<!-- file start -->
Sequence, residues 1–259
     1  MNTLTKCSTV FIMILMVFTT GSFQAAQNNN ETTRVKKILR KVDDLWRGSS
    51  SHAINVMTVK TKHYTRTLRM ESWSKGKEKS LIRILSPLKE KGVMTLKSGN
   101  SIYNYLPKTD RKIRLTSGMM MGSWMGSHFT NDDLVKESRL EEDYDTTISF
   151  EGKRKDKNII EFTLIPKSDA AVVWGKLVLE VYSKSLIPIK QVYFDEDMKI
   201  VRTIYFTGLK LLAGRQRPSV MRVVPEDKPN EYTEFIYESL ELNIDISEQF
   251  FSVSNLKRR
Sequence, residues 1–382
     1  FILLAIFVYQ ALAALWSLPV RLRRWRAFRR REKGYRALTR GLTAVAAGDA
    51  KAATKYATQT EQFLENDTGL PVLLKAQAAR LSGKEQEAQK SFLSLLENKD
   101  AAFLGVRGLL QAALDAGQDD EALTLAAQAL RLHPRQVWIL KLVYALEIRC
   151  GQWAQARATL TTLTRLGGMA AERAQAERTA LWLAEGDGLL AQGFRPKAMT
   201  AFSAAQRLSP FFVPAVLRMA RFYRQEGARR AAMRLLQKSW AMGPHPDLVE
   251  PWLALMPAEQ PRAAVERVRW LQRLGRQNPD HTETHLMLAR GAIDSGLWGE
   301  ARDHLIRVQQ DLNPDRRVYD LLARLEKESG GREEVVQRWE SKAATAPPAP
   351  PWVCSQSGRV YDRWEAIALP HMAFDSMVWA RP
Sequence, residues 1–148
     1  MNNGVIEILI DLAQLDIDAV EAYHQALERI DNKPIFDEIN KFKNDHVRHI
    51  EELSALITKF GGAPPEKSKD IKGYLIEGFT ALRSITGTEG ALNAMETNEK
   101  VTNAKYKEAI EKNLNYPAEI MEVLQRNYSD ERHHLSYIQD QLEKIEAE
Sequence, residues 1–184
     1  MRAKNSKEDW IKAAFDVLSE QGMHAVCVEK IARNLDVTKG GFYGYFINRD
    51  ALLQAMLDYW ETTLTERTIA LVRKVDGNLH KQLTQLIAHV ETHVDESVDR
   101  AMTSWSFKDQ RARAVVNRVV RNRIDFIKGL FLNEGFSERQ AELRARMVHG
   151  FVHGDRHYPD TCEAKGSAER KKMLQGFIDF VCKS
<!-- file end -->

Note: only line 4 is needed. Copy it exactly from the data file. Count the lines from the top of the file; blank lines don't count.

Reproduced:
   101  SIYNYLPKTD RKIRLTSGMM MGSWMGSHFT NDDLVKESRL EEDYDTTISF